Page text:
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Craig’s legal bills in court

Craig
Craig

FEC attorney says confession should resolve funding dispute

WASHINGTON – Former U.S. Sen. Larry Craig’s efforts to use campaign contributions to pay legal bills surrounding his 2007 sex sting arrest were put under a microscope Monday in U.S. District Court.

The Federal Elections Commission considers it improper, but Craig’s lawyer contends the agency has allowed at least one other politician to dip into campaign funds to cover expenses under arguably similar circumstances.

District Judge Amy Berman Jackson’s questioning of Craig’s defense attorney, Andrew Herman, tried to establish a line of what were permissible uses of campaign money under federal law.

Craig’s trouble began more than five years ago when an undercover police officer at a Minneapolis airport accused him of soliciting sex in a public restroom. Craig pleaded guilty to a charge of disturbing the peace, then employed both a Washington, D.C.-based firm and attorneys in Minnesota in an unsuccessful attempt to get the plea thrown out. He retired from the Senate in 2009.

In fighting the charges, Craig paid two law firms more than $200,000 out of campaign coffers. The FEC ruled that was an improper use of public money and sued. Craig’s attorneys argue the arrest took place during official duties, prompting the larger legal question at the center of Monday’s hearing: For what can politicians use donor money?

In Monday’s testimony, Herman pointed to the FEC’s decision not to prosecute former U.S. Rep. Jim Kolbe of Arizona under what the defense deemed similar circumstances. The Department of Justice looked into a 1996 trip Kolbe made with congressional pages to the Grand Canyon after accusations of misconduct. Kolbe was cleared of wrongdoing, and in 2007 the FEC determined because the trip was made in connection to Kolbe’s legislative position, he could use campaign money to cover the investigation.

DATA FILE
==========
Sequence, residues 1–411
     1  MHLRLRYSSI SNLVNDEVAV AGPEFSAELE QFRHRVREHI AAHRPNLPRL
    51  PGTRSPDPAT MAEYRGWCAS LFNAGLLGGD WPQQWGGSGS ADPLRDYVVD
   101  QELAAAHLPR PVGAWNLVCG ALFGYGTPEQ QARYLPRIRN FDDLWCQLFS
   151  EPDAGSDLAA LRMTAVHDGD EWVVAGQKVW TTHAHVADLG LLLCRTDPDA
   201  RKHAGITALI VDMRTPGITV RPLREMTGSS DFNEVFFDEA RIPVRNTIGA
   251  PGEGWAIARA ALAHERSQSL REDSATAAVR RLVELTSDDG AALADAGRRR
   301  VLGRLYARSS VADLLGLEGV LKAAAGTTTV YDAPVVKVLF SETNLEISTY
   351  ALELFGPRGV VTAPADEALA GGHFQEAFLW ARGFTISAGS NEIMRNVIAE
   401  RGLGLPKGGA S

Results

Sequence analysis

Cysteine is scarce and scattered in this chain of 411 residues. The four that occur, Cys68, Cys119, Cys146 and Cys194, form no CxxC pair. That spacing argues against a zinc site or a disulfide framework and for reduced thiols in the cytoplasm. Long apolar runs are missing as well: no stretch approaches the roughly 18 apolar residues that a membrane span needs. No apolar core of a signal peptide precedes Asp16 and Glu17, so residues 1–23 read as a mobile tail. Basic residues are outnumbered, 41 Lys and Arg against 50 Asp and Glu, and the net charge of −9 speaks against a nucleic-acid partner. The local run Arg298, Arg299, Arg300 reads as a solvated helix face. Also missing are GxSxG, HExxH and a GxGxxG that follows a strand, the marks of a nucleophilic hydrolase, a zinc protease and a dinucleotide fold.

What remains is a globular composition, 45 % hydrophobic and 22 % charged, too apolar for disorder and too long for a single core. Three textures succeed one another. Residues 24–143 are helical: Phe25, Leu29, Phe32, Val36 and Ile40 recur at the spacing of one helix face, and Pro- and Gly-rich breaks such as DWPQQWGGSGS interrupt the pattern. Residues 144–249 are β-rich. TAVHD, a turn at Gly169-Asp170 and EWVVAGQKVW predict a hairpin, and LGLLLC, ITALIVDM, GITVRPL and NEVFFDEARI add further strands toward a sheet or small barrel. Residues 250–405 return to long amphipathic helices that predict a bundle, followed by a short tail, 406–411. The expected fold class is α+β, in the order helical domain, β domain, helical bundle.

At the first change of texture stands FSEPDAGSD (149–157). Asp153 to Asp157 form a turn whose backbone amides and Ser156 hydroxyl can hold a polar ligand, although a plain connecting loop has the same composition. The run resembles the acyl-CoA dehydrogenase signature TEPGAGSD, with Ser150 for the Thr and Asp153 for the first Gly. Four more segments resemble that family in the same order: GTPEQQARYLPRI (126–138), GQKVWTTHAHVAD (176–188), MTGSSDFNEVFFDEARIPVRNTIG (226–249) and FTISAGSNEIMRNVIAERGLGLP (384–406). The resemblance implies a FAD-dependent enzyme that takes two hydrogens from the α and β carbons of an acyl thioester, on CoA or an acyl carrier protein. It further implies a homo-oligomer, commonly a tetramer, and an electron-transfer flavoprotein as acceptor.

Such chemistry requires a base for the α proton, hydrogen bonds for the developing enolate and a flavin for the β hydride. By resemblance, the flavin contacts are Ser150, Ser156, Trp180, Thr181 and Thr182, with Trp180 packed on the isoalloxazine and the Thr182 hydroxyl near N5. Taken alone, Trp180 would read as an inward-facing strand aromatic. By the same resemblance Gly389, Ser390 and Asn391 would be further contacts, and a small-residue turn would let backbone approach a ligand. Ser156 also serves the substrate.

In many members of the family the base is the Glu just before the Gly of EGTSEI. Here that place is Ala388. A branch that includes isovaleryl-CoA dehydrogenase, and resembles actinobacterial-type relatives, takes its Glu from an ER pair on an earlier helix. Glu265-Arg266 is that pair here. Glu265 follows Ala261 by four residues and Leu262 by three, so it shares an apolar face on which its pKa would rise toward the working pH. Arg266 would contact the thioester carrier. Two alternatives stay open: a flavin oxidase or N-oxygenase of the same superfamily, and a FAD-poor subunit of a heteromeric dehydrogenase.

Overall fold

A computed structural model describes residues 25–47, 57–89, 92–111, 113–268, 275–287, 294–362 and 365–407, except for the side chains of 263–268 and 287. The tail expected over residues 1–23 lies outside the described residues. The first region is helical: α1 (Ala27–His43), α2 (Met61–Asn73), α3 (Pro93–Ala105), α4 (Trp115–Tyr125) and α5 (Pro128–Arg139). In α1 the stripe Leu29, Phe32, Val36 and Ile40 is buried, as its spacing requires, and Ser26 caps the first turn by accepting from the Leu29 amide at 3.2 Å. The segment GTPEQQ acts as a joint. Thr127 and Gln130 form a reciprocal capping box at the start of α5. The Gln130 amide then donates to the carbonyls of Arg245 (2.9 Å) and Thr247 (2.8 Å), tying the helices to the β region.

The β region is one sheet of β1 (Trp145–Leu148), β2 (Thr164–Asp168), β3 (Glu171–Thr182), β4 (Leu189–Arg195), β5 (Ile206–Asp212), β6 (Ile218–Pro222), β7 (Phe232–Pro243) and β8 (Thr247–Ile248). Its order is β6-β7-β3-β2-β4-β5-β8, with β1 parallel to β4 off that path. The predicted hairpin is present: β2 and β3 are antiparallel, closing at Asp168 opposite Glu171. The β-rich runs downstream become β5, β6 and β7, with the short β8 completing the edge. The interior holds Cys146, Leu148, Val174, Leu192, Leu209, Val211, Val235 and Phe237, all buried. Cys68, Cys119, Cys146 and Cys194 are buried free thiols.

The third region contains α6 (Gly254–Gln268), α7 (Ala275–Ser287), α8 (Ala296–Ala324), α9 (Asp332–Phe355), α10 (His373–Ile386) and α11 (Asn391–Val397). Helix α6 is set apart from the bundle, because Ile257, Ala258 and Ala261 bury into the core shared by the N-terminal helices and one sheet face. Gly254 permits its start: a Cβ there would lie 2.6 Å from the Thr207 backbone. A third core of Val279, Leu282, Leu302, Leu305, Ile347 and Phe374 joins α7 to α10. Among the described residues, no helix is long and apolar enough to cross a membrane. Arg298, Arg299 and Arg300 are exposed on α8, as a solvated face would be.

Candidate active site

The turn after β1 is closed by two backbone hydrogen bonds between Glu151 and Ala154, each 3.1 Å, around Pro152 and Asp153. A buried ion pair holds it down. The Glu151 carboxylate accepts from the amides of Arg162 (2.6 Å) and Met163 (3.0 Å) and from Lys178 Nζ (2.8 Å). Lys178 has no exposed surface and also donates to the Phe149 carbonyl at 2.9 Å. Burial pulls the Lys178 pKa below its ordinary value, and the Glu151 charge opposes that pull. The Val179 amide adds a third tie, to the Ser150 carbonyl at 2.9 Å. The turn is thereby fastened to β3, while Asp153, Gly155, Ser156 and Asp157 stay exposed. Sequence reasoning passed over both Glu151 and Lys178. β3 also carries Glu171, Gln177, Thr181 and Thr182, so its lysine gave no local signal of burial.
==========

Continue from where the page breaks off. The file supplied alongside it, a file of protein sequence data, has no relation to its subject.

Herman said the Kolbe decision provided “crystal clear” and “plain vanilla” evidence Craig’s case should be viewed the same way. “Any fair reading of Kolbe provides explicit approval of the use of funds for legal purposes,” Herman said.

But Jackson took issue with the reading, pointing to the assertion the Justice Department was only looking into the travel of Kolbe, not his specific conduct. Herman countered the FEC had to have known Kolbe was under investigation for inappropriate conduct. Their decision to change the rules in trying Craig, Herman said, was evidence of “buyer’s remorse.”

FEC attorney Kevin Hancock contends the damning evidence that Craig’s behavior had nothing to do with his congressional duties is contained in a letter sent from Craig to a Senate Ethics Committee panel shortly after his arrest.

In the letter, Craig said the alleged activity was “purely personal conduct unrelated to the performance of official Senate duties.”

“This case should be resolved by Sen. Craig’s confession,” Hancock said.

Jackson will rule soon on whether Craig will have to repay the legal fees out of his own pocket. The FEC also seeks civil damages from Craig and campaign treasurer Kaye L. O’Riordan.

Jackson’s decision will likely have ramifications in the Beltway and beyond, as it will interpret laws controlling spending by political officials.



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